Thursday, December 12, 2013

100 pigeons and their diet

Due to a high degree of faunal and floral endemism oceanic island ecosystems are of high priority when it comes to biodiversity conservation. Evolution under isolated conditions formed unique ecosystems, but those are highly vulnerable to human disturbances, such as deforestation or the introduction of invasive species.

For example knowing the diet of an endangered animal might become very important for adequate restoration efforts on oceanic islands because introduced species may already be a major component of the diets of some endangered species.

The red-headed wood pigeon Columba janthina nitens is a critically endangered subspecies endemic to the Ogasawara Islands, a chain of oceanic islands located 1000 km south of the main islands of Japan. The current population of this species might only comprise of 100 individuals. Furthermore, the native forest of the Ogasawara Islands has been destroyed as a result of human settlements in the 19th century and World War II. As a result the islands are now home to several introduced plants which have expanded their natural range replacing the eradicated local flora. Researchers supected that the red-headed wood pigeon might have shifted its diet in favor of the introduced species in order to cope with the lack of native food resources. 

A group of Japanese colleagues went ahead and tested this assumption by using next-generation sequencing of fecal samples from the birds. They called it DNA Barcoding although they used a different marker (the chloroplast trnL P6 loop) for their analysis. It is not clear why this marker was chosen although it had been used for similar studies before.The disadvantage of using a non-standard becomes clear when reading their publication. In order to get some useful results they first had to construct their own library of reference sequences (over 200 species) before moving on to the fecal samples. Not only does that sound like a lot of extra work but for all other scientists following agreed upon standards this library is not very useful unless they shift their attention to trnL P6. I find this very frustrating as the study as such is great and the results very important for the planning of any restoration efforts:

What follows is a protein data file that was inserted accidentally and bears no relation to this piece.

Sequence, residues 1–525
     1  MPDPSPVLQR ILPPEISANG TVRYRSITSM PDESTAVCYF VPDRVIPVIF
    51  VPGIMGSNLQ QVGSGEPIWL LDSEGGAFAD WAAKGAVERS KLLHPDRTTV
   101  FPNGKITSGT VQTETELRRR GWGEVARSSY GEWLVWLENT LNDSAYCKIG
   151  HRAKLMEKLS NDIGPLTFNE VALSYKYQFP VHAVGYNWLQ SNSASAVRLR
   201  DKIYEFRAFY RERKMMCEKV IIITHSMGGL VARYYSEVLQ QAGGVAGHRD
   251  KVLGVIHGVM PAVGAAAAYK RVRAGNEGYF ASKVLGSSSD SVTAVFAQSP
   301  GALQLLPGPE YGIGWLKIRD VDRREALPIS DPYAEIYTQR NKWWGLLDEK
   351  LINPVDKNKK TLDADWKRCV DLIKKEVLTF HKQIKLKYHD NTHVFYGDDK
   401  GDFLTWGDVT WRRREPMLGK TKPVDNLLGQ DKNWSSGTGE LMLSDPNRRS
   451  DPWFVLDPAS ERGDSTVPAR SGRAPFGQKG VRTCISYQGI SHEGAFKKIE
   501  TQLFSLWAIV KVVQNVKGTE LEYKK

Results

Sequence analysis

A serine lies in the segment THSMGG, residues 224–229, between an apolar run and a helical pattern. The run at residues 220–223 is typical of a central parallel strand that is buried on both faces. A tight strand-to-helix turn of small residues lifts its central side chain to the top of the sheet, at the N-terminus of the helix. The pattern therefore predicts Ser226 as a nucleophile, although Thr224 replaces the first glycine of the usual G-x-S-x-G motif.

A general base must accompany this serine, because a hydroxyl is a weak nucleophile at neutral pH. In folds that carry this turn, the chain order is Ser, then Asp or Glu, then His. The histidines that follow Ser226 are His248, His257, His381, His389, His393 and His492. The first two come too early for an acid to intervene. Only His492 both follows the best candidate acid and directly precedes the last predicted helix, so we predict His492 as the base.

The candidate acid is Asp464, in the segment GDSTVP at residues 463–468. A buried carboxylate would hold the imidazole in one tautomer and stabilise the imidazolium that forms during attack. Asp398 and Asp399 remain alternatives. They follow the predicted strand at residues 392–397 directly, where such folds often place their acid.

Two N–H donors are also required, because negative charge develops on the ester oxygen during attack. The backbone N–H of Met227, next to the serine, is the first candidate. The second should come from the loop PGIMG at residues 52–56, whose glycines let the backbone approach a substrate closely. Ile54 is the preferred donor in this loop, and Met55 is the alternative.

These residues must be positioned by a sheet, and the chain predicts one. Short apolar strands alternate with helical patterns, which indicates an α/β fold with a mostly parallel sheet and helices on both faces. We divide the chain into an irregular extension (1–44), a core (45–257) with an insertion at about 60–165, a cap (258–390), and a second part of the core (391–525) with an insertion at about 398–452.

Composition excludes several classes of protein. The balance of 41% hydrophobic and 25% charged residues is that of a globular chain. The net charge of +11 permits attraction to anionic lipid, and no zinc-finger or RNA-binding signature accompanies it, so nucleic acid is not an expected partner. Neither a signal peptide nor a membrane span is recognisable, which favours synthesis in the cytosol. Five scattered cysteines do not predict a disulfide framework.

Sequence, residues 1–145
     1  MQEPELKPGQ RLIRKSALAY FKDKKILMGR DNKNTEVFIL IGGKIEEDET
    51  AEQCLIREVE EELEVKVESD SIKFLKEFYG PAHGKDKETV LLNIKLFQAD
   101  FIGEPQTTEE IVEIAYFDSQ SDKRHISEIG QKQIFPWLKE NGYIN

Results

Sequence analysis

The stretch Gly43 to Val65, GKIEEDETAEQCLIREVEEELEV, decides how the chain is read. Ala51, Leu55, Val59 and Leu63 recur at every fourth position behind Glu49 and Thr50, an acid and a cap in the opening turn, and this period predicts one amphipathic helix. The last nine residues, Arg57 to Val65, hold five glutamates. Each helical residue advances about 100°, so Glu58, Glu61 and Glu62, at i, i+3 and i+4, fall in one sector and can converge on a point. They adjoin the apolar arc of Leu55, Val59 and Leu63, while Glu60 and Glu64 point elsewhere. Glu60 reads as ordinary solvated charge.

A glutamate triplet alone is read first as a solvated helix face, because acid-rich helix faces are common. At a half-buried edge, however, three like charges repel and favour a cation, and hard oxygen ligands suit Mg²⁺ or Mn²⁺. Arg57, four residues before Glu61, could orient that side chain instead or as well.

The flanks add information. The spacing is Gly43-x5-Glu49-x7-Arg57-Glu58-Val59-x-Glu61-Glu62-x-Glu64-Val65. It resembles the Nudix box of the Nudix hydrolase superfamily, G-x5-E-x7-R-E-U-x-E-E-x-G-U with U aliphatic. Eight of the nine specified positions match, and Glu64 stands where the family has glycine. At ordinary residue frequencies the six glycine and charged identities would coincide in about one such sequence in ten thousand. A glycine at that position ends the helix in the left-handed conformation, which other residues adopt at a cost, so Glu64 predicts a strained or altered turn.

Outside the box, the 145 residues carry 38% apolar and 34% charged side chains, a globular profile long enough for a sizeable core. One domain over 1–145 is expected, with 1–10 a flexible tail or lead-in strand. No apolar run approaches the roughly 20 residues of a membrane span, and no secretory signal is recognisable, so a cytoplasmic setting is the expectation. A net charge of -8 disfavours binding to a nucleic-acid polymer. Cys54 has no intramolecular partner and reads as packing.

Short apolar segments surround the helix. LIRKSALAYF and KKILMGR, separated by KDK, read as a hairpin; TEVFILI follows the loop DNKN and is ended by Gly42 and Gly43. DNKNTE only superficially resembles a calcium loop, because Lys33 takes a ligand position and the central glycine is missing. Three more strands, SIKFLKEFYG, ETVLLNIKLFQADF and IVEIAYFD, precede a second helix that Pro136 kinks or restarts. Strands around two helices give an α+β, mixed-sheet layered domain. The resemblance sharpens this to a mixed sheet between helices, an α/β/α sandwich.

In this study, a diet analysis using DNA barcoding provided a high-resolution identification of food plants and clearly overcame the bias of traditional microhistological analysis. The results of the DNA barcoding indicated frequent consumption of introduced species, rather than only native species, by the pigeons. The rapid eradication of some introduced species without restoration of the native seed plants may reduce available food resources for this pigeon. Thus, a strategy that balances the eradication of introduced plants and the restoration of native food resources is important. Differences between the composition of pigeon diets on Chichijima and those on Hahajima should also be considered during the restoration of each island. Although some existing technical problems must still be solved (e.g., the discrimination rate of the P6 loop database, sampling strategy), the NGS DNA barcoding approach will provide a better understanding of the food web, including the interactions between native and introduced species and appropriate nature restoration planning for oceanic island ecosystems.

Overall a great example showing the advantages of a deeper understanding of food webs provided through next generation sequencing. If it helps those birds even better. They just shouldn't call it DNA Barcoding because it isn't. 

No comments:

Post a Comment